Alexia: Oh, that’s great, and another really good point. You can plan and read as much as you want, but ultimately, that baby is going to come out in its own way.

Lindsay: Yep, exactly.

Alexia: But that does sound similar to Bradley, where there’s a focus on women being healthy and happy during their pregnancy and labor. There’s even a part about how you should give the mom-to-be whatever she wants while she’s in labor, whether that’s socks because her feet are cold or a back rub. The latter I definitely asked for when I was going through it! The Bradley Method also advocates for placing the baby on Mom as soon as possible, which was something I really wanted to do.

Lindsay: HypnoBirthing advocates for skin-to-skin immediately too, and there are a bunch of breathing techniques.

Alexia: I used some breathing techniques that my doula taught me, too, and those were great. 

Lindsay: I also used a doula—she taught HypnoBirthing and was very versed in it, so she helped me stay centered. Another big part of it is not to think of any of the process as painful. So contractions are called “surges” throughout the birth. And I have to say I really didn’t think the birth was painful. It was more of an ebb and flow of sensations, and something I was very able to handle without an epidural, even though I was induced. 

Alexia: I found the process very painful actually, haha. But my labor didn’t end up being totally by the Bradley book either, probably because I only read the book as opposed to taking classes. But also because there were a few things about the method that didn’t totally jibe with me.

Lindsay: Like what?

Alexia: Well, even though the book is in its fifth edition, it still feels outdated. I remember reading a section about how women should wear skirts and dresses as much as possible!

Lindsay: What? Why?

Alexia: Because panties and pants cause irritation! Yeah…there’s a lot of weird stuff in there. 

Lindsay: Ummm, so like, skirts with no underwear?! Who on earth wants to do that while being pregnant?

Alexia: There’s also a chapter on how to live with a pregnant wife.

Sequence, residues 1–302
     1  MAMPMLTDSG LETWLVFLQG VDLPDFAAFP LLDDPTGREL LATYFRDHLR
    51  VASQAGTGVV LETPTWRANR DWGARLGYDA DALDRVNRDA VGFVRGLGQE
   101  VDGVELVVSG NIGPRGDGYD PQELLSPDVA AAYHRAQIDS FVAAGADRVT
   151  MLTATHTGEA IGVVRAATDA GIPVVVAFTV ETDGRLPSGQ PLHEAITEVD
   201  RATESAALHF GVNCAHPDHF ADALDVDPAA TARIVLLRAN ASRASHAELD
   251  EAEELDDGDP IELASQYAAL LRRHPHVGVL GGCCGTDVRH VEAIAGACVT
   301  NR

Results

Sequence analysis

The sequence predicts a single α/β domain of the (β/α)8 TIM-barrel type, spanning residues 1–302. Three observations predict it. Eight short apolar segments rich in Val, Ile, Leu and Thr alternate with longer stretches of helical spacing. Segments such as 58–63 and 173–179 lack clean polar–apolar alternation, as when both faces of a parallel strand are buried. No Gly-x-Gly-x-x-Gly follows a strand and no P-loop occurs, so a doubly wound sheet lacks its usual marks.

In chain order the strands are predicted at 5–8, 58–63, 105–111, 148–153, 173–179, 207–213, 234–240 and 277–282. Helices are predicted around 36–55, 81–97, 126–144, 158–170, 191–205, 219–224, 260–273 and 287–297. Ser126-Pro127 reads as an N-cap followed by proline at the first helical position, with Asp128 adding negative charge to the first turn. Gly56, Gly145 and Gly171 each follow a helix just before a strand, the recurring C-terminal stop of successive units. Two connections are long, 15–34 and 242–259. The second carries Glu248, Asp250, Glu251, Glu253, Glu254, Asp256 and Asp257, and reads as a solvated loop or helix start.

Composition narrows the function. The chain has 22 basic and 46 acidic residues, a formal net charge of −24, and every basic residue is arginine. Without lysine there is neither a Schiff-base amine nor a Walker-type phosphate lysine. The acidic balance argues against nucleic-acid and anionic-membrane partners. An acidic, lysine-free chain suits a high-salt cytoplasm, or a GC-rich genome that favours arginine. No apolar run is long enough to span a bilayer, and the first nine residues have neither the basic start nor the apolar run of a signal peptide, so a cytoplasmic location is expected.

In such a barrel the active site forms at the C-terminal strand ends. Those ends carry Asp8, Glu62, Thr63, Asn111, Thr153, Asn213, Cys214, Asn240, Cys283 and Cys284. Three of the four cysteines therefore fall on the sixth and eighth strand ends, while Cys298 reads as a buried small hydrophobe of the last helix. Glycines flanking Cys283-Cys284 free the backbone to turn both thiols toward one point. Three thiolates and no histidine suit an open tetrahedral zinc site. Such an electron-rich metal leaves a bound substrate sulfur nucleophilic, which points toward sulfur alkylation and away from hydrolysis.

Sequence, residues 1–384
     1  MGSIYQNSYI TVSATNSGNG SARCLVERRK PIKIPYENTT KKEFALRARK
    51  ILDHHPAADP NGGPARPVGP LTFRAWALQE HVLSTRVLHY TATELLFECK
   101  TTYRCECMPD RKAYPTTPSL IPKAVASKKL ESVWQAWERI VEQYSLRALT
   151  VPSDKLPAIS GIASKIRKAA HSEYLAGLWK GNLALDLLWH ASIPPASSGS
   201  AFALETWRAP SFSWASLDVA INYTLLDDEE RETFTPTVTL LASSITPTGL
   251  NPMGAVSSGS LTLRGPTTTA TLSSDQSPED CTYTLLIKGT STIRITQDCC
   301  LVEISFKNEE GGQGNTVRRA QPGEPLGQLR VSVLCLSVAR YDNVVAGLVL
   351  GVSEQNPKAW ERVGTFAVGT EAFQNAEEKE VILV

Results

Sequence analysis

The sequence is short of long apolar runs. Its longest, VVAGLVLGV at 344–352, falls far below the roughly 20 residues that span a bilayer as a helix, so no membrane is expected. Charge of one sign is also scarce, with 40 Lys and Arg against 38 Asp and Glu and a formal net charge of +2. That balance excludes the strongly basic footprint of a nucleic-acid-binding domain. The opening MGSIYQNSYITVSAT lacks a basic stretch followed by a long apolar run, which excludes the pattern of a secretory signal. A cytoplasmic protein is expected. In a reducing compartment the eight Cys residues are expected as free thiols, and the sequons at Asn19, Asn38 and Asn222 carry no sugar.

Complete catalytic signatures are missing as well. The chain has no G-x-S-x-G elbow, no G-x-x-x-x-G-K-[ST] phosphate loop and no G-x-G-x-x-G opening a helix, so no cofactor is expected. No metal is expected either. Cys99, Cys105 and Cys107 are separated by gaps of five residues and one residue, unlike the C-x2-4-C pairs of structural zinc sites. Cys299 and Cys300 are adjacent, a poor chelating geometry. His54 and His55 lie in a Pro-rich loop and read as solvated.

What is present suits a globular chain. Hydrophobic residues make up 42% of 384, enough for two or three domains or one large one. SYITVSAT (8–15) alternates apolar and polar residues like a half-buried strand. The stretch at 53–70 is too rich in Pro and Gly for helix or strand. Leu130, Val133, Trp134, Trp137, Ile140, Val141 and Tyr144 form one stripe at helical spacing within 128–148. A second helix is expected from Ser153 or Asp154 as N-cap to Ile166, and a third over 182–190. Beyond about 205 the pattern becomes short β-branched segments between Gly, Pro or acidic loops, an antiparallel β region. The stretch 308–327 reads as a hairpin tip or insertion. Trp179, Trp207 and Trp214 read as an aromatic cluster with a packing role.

Lindsay: Oh geez, yeah, that thing needs an update! The only thing that I was not really all about with HypnoBirthing was how anti-epidural they were. Even though I didn’t end up needing to get one, I got the vibe from the book that if you were practicing “correctly” you shouldn’t have to get one.

Alexia: That sounds similar to Bradley. There’s definitely a sense of “do this method and you won’t need any interventions, drugs or otherwise.”

Lindsay: I’d definitely take that with a huge grain of salt. 

Alexia: For sure. 

Lindsay: So do you think you’d recommend Bradley to a friend who is pregnant?

Alexia: Hmm. Great question. I’d definitely recommend finding out about the technique and taking a class so you can cherry-pick what you like about it. The idea that you can be an active participant in your labor and that your partner must give you massages is pretty great. But would I recommend it as the method? No, I don’t think so. What about you? 

Lindsay: I’ve been recommending HypnoBirthing to a very specific type of friend: one who either already meditates or is very open-minded about holistic medicine. I think if the roles were reversed and my husband, who is very into western medicine and doesn’t “get” meditation or yoga or any of that, tried it for his pregnancy, haha, it would 1,000 percent not have worked.

Alexia: I would actually be interested in HypnoBirthing if I ever had another one.

Lindsay: Wait, we didn’t talk about our kids at all!

Alexia: Oh, right, those guys. 

Lindsay: Is there any mention of the temperament of a Bradley baby? Like, are babies born under the Bradley method different in any way?

Alexia: No, they don’t talk about that in the book.

Lindsay: In HypnoBirthing, that’s a big thing. Like, you’re supposed to have a Zen baby. But my daughter gives off a lot of Lucy from Charlie Brown vibes. Definitely not a calm little girl.

Alexia: Ugh, speaking of which, he’s screaming, gotta go.

Lindsay: Hahaha, that was nice while it lasted. Bye!